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Journal Watch

05/23/2011 - 20:00

The Jewish place of worship: shul, beit knesset, the Reform “temple,” the Karaite kenesa, beit tefilah — and the synagogue. Whence this odd-sounding word? Vaguely Greek? Not “vaguely” at all. The Greek word synagogé means “assembly,” and the word indeed reflects what has been a central function of the Jewish house of worship for centuries, if not millennia.

Mushroom Synagogues

A brief history of shul competition, money, political lobbying and the High Holy Days.
05/23/2011 - 20:00

On Aug. 17, 1930 the Jewish Daily Bulletin announced that the rabbis of New York City were declaring war. Their enemy was not anti-Semites, nor assimilation, nor any of the other typical suspects for rabbinic enmity. The object of their campaign was “the mushroom synagogue.”

ANDREA STRONGWATER,  Lvov, The Temple (built 1884-45), 2008, painting.

Paned Expressions

Though a bit tarnished, the Abstract Expressionist windows at Brooklyn’s Kingsway Jewish Center still glimmer.
05/23/2011 - 20:00

There is no shortage of synagogues in Brooklyn. Many are beautiful and some are unusual, but most are unknown except to their congregants. In order to help protect this heritage of often aging religious buildings, the New York Landmarks Conservancy embarked in 2006 on a project to survey them.

PHOTO by Samuel D. Gruber www.samgrubersjewishartmonuments. blogspot.com

House Divided

The history of the synagogue in America, a new book shows, is one of rifts, splits, factions and the ever-evolving tension between tradition and modernity.
05/23/2011 - 20:00

A Jew is shipwrecked on a desert island. Ten years later, a passing ship notices his campfire and stops to rescue him. When the captain comes ashore, the castaway thanks him profusely and offers to give him a tour of the little island. He shows off the weapons he made for hunting, the fire pit where he cooks his food, the synagogue he built for praying in and the hammock where he sleeps. On their way back to the ship, however, the captain notices a second synagogue. “I don’t understand,” the captain asks.

Mixed Seating, 2004. PHOTO by michael datikash

Foreign Implants

Immigration and the art of shul-going.
05/23/2011 - 20:00

My father’s shul of choice, a Modern Orthodox congregation, was located a mile from our home, in the school auditorium at the Yeshivah of Flatbush. The men and women were separated by a mechitzah, a partition. I would sit with my friends and chat, as my father did with his, as people do in Orthodox shuls. We talked about the World Series. My father and his friends would tell Yiddish jokes, and argue about Zionism and biblical philology.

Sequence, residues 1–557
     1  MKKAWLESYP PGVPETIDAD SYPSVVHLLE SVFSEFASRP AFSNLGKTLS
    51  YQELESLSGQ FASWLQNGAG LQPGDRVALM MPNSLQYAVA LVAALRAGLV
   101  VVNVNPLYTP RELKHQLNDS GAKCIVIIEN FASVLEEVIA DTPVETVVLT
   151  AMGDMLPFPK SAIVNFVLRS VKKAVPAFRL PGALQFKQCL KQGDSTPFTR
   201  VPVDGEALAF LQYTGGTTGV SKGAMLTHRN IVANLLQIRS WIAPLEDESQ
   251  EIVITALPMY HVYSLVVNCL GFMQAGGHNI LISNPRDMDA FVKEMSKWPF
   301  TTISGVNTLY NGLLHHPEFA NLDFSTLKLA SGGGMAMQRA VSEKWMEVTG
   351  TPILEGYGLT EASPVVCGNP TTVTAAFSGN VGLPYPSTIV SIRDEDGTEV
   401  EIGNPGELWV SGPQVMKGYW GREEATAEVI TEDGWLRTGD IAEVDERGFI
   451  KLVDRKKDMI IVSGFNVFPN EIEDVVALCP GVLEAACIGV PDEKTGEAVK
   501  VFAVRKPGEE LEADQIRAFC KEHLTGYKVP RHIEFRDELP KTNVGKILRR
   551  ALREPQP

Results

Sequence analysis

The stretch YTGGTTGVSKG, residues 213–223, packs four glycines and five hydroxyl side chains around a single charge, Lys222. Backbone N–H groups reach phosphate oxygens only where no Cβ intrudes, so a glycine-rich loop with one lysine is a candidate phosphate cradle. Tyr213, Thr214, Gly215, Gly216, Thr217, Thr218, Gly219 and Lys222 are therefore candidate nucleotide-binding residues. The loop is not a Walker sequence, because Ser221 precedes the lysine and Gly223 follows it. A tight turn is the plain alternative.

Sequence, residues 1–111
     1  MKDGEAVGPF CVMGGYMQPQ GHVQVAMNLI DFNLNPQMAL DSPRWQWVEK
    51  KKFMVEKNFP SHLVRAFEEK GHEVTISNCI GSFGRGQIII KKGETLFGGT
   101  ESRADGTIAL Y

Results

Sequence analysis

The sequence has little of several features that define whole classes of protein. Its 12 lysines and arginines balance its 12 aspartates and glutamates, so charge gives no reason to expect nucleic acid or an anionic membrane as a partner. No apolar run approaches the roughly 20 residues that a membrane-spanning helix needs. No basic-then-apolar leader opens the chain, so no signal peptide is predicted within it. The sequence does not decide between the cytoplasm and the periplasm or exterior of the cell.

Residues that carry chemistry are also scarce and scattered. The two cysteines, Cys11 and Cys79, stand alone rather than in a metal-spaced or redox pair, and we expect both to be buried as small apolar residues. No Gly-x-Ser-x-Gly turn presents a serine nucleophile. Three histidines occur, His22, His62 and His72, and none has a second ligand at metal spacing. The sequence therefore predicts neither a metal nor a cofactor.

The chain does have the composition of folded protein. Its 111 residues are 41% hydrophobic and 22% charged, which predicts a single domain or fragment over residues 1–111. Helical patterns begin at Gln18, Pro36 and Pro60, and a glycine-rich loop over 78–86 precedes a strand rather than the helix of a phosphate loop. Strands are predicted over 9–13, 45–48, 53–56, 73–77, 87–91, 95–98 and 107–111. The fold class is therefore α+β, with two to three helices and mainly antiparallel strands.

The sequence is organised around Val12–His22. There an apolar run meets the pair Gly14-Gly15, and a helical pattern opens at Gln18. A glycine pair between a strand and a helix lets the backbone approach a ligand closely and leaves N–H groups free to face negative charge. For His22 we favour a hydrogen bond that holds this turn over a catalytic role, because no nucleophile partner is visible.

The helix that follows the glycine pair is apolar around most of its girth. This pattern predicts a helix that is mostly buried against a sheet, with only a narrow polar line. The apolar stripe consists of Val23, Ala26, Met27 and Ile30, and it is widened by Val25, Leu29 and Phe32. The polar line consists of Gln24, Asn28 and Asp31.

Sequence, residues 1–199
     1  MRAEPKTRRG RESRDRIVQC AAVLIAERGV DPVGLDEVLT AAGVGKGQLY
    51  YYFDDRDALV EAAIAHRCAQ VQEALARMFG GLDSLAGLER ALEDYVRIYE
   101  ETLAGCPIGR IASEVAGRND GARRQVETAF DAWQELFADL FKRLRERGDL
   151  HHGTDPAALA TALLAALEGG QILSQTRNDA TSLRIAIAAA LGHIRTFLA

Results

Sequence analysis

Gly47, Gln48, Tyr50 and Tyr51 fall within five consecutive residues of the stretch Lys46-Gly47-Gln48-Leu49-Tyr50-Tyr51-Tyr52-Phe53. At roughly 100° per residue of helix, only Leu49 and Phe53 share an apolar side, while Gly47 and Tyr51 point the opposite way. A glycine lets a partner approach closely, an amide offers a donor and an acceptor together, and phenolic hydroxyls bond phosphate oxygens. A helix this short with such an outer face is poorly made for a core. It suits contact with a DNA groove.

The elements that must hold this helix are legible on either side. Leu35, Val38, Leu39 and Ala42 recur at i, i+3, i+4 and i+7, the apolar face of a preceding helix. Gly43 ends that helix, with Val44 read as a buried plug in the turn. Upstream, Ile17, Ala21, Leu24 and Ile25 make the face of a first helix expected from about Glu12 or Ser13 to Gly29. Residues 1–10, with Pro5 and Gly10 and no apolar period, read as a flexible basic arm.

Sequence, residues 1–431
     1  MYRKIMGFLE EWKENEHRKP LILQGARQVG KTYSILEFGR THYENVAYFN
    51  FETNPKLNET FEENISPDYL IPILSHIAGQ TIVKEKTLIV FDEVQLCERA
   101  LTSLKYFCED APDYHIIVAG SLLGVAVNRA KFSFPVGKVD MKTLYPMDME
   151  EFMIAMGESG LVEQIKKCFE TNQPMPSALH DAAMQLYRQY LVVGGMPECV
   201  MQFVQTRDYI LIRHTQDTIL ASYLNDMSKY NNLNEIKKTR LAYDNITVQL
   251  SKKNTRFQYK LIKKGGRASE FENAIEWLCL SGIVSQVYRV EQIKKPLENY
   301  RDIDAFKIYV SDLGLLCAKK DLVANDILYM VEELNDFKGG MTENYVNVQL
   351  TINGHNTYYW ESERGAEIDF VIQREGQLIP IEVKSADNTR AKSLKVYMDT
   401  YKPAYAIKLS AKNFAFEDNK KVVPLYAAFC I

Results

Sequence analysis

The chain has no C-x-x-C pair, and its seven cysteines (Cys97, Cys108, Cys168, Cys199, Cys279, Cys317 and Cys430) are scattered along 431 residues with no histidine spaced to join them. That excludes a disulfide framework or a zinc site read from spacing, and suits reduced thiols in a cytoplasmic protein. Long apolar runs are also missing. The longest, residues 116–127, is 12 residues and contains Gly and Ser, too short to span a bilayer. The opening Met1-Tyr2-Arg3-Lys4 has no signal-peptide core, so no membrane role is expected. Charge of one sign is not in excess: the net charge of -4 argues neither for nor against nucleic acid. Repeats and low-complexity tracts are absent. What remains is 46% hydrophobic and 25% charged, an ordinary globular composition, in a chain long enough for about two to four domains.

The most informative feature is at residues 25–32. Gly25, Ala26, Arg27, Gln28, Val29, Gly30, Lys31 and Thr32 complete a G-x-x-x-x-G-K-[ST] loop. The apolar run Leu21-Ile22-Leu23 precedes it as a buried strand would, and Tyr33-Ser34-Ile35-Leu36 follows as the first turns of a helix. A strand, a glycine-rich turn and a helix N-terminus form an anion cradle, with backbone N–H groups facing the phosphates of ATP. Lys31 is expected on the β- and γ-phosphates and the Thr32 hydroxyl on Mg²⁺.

ANDREA STRONGWATER,  Nuremburg synagogue on Hans Sachs Platz (built 1874), 2009, painting.

A Shul Where Everyone Knows Your Name

Growing up as the rabbi’s son at the only synagogue in town.
05/23/2011 - 20:00

One Yom Kippur day during my teen years in Annapolis, Md., just after the Musaf service, an elderly member approached me in the lobby of the synagogue.

She wanted to know how old the youngster was who had just joined his father and uncle for the first time in blessing the congregation with the Birchat Kohanim, the priestly benediction.

“He just had his bar mitzvah,” I told her.

1953 graduation:Rabbi Morris Rosenblatt, the author¹s father, served four decades as a chaplain at the U.S. Naval Academy.

In My Father’s Synagogue

A Conservative woman rabbi grapples with her Syrian family’s gender-stratified customs.
05/23/2011 - 20:00

Like virtually all Syrian Jews, my father was a staunch traditionalist. A faithful synagogue goer every Shabbat, he would never have considered Reform or Conservative Judaism as an option for himself or for his family. Instead, clean-shaven, in a dark suit and doused with cologne, he would attend Shabbat services every Saturday morning at the traditional Syrian congregation near our home in Brooklyn’s Midwood neighborhood — and later on go to work.

Magen David Synagogue, Brooklyn, New York, 1984. PHOTOS by Judith Helfand

The Search for Ten Good Men and Women

A rabbi reflects on why American Jews need the minyan now more than ever.
05/23/2011 - 20:00

Depictions of American Jews on television are often a barometer for the way in which Jewish writers, and presumably Jewish viewers, understand their Jewish identity. The 1990s series “Northern Exposure” featured the character of Joel Fleischman, a young Jewish doctor from New York who moved to rural Alaska to practice medicine as the town’s only physician. In one episode, when Joel receives word that his uncle Manny has died, he seeks a minyan with whom to say Kaddish. (Never mind that one is not obligated to say Kaddish for an uncle.)

ANDREA STRONGWATER, Great Synagogue of Lodz (built 1881-1887), 2008, painting.

Unearthing the First Shuls

Excavations from Israel over the past 50 years suggest that synagogues may be older than we initially thought.
05/23/2011 - 20:00

The discovery of the Byzantine-period synagogue at Beit Alpha with its wonderful zodiac mosaic and naïve artistic style, and its subsequent excavation by Eliezer Lipa Sukenik, father of Yigael Yadin, in 1929 put synagogue archaeology on the map.

Jerusalem-facing wall at Nabratein in Galilee with Torah shrine at right.

Editor’s Note

05/23/2011 - 20:00

When we celebrate Shavuot in two weeks, we’ll commemorate the giving of the law on Mount Sinai. Our synagogues are the places we go throughout the year to continue to find echoes of that revelation. But transcendence aside, we also seek out synagogues for community, ritual, learning and shared history — and in some places, the trademark shul with a pool.

JANE TRIGÉRE,Women of the Balcony 3, 2008, collage. PHOTO by Penny Leveritt
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